Pretensions, or: quirkiness as ‘slumming it’
by Tom Ingram
This comic was brought to my attention recently, and I felt some things needed to be said. It’s not new, I know, but I claimed to be eclectic, not topical. I am not a regular reader of Virus Comix, and have no particular opinion on them as a whole. The comic is clipped out of order below, for smoothness of commentary, but the panels are not strongly ordered anyway. —TMI
There are people who compulsively talk to themselves and would like to stop, but can’t.
There are people who bring cameras into what is clearly either classical music or live theatre. We do not call these people true fans. We call them assholes.
There are people who want desperately to smile and look nonthreatening but don’t know how, and default to looking like China Mieville taking public transit.
There are people who hurt their friends and vaguely know what they did wrong but not why it’s wrong or how to avoid it in the future, and now feel like the robot on the cover of News of the World.
There are people whose tastes are 100% vanilla and unoriginal and they’re OK with that because some things just work.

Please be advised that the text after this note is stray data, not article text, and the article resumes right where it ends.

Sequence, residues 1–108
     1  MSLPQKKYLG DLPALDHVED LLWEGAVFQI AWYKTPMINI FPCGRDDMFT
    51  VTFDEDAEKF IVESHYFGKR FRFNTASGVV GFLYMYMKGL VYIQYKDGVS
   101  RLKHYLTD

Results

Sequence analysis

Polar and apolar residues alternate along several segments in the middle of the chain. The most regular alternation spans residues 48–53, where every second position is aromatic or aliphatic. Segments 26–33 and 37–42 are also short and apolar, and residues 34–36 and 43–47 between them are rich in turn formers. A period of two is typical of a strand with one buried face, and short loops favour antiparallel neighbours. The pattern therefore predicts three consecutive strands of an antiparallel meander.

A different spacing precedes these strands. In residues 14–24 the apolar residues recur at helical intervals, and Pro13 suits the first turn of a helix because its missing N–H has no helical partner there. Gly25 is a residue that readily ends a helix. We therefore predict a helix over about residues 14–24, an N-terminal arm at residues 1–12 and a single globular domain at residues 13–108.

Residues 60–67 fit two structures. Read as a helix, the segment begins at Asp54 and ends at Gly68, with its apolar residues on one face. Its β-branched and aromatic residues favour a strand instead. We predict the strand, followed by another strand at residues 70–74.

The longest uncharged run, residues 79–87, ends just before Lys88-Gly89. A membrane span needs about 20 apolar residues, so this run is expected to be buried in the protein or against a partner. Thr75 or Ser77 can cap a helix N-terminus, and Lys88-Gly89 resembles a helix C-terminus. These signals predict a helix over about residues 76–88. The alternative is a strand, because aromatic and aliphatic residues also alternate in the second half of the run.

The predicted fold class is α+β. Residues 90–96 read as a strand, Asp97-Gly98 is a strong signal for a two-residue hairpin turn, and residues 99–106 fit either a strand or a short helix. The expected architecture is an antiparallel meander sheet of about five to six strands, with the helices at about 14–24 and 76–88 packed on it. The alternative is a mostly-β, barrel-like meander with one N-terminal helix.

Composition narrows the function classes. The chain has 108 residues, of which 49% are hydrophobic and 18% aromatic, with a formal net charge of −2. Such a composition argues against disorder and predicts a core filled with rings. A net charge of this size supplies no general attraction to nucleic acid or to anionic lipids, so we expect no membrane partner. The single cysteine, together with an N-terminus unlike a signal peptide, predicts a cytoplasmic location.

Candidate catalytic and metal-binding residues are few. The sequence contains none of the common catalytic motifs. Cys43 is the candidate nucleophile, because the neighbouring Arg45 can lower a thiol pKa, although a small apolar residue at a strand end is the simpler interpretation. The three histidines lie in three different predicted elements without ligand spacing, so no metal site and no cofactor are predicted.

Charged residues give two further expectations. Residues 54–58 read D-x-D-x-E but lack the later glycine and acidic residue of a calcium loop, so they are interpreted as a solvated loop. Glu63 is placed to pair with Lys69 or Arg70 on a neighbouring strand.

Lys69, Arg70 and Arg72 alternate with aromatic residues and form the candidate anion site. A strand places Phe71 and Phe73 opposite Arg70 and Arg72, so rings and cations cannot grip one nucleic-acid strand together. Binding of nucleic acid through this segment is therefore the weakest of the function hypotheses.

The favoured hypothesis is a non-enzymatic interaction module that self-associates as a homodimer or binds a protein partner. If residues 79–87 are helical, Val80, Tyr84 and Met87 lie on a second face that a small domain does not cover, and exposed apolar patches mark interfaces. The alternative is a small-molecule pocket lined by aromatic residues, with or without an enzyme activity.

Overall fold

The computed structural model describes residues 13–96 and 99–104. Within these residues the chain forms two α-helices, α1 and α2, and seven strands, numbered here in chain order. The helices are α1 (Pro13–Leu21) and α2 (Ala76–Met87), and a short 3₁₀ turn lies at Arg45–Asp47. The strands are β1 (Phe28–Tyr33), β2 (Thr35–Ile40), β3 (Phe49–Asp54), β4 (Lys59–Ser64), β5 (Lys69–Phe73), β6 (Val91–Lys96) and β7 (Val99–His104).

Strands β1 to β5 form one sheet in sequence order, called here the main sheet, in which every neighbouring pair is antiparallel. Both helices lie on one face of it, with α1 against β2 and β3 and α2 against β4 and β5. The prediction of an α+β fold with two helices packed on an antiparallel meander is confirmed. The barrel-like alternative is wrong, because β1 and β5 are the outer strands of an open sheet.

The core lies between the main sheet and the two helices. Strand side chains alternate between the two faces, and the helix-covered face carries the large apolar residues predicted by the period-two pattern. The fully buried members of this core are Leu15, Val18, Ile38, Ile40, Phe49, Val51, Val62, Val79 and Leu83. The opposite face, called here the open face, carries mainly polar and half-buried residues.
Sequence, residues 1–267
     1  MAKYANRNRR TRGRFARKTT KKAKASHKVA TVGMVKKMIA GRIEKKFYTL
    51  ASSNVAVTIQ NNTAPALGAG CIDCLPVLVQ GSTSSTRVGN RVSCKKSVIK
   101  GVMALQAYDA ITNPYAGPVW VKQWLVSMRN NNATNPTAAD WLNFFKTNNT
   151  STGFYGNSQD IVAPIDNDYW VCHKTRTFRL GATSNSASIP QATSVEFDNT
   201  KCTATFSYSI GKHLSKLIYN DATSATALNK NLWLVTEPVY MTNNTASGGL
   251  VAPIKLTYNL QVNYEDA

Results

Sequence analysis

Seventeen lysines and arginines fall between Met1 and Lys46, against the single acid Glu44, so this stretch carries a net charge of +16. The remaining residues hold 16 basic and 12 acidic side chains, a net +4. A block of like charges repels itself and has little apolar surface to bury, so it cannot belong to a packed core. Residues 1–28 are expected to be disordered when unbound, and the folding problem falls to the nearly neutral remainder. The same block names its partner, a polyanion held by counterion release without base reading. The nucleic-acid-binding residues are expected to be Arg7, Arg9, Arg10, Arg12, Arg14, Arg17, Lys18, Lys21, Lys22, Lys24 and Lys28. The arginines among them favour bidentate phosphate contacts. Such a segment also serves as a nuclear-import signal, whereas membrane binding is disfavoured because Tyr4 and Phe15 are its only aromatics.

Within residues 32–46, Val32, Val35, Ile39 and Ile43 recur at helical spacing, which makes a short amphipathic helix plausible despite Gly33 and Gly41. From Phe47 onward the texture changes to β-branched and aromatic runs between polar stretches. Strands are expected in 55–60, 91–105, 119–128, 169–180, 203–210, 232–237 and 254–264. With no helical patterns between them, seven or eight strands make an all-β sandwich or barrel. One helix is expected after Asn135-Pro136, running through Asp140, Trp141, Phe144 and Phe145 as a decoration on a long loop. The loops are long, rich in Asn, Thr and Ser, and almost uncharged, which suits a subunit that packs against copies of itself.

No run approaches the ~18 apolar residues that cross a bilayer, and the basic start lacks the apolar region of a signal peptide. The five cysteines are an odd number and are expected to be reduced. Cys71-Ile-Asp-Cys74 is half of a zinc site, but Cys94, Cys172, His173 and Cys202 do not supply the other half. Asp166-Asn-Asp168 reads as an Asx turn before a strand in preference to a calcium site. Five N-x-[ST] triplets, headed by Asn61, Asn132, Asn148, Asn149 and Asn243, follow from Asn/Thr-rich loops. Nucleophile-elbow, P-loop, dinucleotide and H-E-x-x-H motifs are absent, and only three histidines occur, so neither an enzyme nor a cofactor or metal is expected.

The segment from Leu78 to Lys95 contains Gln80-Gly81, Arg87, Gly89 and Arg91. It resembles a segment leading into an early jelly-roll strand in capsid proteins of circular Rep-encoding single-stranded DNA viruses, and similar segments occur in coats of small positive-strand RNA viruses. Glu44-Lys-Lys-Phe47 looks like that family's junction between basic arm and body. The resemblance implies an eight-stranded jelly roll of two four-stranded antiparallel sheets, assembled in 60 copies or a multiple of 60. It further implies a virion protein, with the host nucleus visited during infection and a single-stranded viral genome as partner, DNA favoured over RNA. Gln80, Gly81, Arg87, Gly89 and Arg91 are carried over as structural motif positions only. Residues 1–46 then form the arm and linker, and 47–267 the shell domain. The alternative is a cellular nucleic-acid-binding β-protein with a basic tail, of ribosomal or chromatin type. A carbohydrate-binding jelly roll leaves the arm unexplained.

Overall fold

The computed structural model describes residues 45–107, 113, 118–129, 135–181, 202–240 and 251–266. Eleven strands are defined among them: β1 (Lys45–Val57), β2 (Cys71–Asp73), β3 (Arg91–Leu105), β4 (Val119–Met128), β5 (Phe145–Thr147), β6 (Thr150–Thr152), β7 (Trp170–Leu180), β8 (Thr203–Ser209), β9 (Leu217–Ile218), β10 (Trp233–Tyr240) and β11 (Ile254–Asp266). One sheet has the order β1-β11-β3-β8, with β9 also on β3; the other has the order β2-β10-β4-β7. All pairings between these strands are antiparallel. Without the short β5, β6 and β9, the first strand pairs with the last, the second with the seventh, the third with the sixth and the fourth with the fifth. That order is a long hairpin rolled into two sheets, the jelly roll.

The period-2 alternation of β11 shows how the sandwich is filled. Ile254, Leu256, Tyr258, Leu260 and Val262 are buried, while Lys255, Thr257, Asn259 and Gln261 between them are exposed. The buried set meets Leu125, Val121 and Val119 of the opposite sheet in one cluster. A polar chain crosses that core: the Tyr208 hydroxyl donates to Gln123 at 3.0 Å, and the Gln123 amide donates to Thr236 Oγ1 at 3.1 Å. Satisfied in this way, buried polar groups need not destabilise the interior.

There are people who wonder if their inability to connect to another human being in even the most basic way is a result of something they did, something that was done to them, or some inextricable flaw of their nature.
I like to think that my readers are smart enough that this one does not need elaboration.
There are people who are really, honestly interested in what you’re saying but simply don’t know how to react in a way that doesn’t seem forced and fake, and know that this kind of self-indulgent recursion is the exact opposite of “showing an interest” but don’t know what to do about it and the whole sordid mess makes them feel small and insignificant and scared so when they see a friend coming they turn and leg it in the other direction.
There are people who think and feel a lot of things. You are not one of them.
It’s funny how “quirkiness” always seems to manifest itself in the same way. Almost as if it’s drawn from a social template every bit as stock as the template for normalcy. Lonely dissent, the saying goes, feels not like going to school in black, but like going to school in a clown suit. It’s not a pretty thing to begin with, and not all lonely dissent is the principled kind. Not all lonely dissent is the voluntary kind.
This comic is not so offensive in itself, but it embodies a far-reaching trend that has always bothered me. Everyone loves to describe themselves as “weird” and “crazy”, but this is nothing more than a kind of intellectual “slumming it”. It’s an attempt to piggyback on the pain and suffering of others to get a little bit of that sweet outre chic without having things thrown at you.
If you want to know what normal looks like, read this comic. There is a psychological need to be seen as unusual and therefore unique and interesting. That’s normal. You want to be different, which is exactly why you’re not.